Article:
Top 2019 trends for food and beverage industry businesses
From product innovation to transparency, what’s happening in food?
INSIGHT ARTICLE |
There are a variety of opportunities for growing food and beverage businesses in 2019, but staying on top of emerging technologies like blockchain, along with changing consumer preferences and rising costs, all while innovating, will be essential in this competitive marketplace. With so much happening inside the industry, what major business trends should food and beverage companies focus on for 2019?
Changing consumer preferences
Similar to 2018, bold and exotic flavors, snacking, and health and wellness are still in the forefront for consumer food preferences, but in an even more elevated way. Consumers want fortified and functional foods that promote gut health, fuel their brains and benefit their physical appearance. Grocery shelves will continue to be stacked with products like kombucha and others that provide additional function to consumers’ bodies. Consumers also want foods that are not only good for them, but good for others, whether the food they eat is a product like the Impossible Burger, a plant-based, faux meat, or is in environmentally friendly packaging. More than millennials, Generation-Z consumers are “clean eaters” and have a strong interest in not only what the product is but how it is made and by whom. Transparency into how food is made and where will be key. With today’s instant access to information, if a consumer can’t understand or find out where and how a product is made and what’s in it, they’ll be more inclined to leave it behind. The rise of clean labels and sustainability efforts will continue, but so will the rise of positive branding by companies that are leading in being good and also doing good.
Food safety and transparency
The romaine lettuce recall of 2018 was another reminder of the importance of food safety. As consumers demand to know more about the food they eat, food safety issues are costing the food and beverage industry billions each year. It will be more important than ever for the industry to pinpoint safety issues immediately; technologies like blockchain will continue to gain traction. Companies will move beyond trying to understand what blockchain is, to figuring out how to be a part of it. A 2018 RSM survey of middle market food and beverage chief financial officers found that just 12 percent are currently using blockchain, but that number will increase as more become aware of blockchain’s benefits across the entire food chain—from the grower to the manufacturer, distributors and beyond.
Food and beverage companies are facing growing uncertainty in the marketplace. The tariff and global trade tensions from 2018 will continue this year coupled with rising costs. The Chinese tariffs, for example, are creating excess supplies and driving down other prices (e.g., pork, soybean). Other uncertainties include rising labor costs, the tightening labor market, transportation’s truck driver shortage and planned interest rate hikes. Some companies are already facing issues with on-time delivery due to the truck driver shortage. Consumers and grocery stores will absorb only so much of the cost so companies will have to look to new, innovative solutions to help control their costs and still grow.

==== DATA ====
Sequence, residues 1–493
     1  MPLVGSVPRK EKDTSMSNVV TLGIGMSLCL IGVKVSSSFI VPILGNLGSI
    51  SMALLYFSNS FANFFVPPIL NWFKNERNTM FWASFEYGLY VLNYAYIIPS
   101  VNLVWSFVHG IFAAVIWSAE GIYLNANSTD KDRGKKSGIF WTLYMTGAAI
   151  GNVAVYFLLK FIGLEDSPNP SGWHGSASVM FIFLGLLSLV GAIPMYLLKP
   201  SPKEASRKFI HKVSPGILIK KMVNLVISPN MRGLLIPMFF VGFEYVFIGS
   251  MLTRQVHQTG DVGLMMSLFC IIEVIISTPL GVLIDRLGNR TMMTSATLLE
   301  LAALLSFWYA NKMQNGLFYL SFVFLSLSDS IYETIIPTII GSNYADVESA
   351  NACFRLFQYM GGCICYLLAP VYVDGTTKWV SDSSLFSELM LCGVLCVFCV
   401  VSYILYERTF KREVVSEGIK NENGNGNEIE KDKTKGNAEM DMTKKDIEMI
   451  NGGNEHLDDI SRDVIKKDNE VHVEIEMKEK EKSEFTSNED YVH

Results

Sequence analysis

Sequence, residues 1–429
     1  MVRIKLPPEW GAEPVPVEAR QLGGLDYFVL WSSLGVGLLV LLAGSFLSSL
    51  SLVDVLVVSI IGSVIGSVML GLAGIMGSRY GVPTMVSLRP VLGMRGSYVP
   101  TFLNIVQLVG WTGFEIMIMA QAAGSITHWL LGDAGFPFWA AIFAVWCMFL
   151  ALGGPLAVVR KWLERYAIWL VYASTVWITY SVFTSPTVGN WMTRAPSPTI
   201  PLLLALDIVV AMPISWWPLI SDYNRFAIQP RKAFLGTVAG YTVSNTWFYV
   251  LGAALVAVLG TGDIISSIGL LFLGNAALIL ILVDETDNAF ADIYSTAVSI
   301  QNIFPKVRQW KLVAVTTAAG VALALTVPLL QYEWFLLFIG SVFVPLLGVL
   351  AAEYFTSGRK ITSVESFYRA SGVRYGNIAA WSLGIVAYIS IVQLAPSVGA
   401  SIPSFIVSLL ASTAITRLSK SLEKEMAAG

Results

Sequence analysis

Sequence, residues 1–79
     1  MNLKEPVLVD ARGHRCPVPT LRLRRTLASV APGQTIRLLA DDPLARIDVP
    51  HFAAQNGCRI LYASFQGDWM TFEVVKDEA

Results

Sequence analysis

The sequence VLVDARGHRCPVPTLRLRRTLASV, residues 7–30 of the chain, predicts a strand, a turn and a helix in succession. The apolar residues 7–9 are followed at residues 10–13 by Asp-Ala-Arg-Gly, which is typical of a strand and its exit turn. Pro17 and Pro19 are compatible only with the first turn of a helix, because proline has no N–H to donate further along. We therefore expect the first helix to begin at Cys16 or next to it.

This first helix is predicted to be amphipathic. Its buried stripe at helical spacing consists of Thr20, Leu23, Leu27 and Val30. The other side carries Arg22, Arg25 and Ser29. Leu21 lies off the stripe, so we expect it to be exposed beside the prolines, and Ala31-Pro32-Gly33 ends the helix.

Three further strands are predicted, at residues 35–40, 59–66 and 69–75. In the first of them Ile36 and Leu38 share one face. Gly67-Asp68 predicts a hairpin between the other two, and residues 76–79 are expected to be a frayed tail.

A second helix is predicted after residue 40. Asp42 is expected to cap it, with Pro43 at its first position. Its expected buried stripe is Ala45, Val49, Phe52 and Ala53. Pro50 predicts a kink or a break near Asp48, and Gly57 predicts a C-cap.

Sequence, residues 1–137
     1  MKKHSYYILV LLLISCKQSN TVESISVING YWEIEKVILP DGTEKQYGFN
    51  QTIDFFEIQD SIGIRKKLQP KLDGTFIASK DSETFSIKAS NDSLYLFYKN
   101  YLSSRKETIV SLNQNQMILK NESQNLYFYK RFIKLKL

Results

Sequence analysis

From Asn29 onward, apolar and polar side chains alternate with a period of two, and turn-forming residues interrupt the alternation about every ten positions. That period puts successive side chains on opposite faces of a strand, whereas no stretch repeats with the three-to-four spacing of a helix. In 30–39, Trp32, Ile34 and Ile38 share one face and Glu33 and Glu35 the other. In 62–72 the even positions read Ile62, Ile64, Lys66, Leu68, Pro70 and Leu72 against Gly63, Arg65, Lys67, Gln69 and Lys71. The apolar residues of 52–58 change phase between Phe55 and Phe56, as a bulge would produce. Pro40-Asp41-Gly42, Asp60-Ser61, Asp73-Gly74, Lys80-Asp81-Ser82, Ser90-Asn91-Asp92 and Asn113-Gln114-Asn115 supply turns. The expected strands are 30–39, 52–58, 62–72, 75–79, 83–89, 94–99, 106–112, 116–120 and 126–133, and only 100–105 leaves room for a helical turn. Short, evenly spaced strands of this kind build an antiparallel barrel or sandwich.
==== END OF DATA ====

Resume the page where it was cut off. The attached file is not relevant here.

With so many different products available for purchase in a multitude of channels—from in-store, farmer’s markets, online, social media and more, product innovation and differentiation will be important to middle market food and beverage companies. Large companies are already looking to emerging technologies for help with this. For example, Kraft Heinz recently opened a new digital hub to create “digitally powered business models and launch other entrepreneurial ideas to fuel growth for Kraft Heinz.” This team of of software engineers, data analysts, designers and e-commerce managers demonstrate how today’s digital transformation has disrupted not only how consumers purchase apparel and household items, but what food they eat, too. Other companies are looking to trending flavors and unique packaging to differentiate themselves, such as the Thanksgiving Pringles Flavors of 2018 or Chobani’s new packaging and label design.
Mergers and acquisitions
On-trend food and beverage companies are still attractive to both private equity (PE) firms and large brands. Many companies will still look to rising brands to help add new product lines versus investing in their own research and development to help save time and money, as well as reach new consumers. Companies will even undertake acquisitions in segments that have better prospects, even if they’re outside their traditional business. But companies looking for investment from PE will have to remain mindful of how tariffs affect their business as PE firms are continually taking that into consideration when evaluating prospects.
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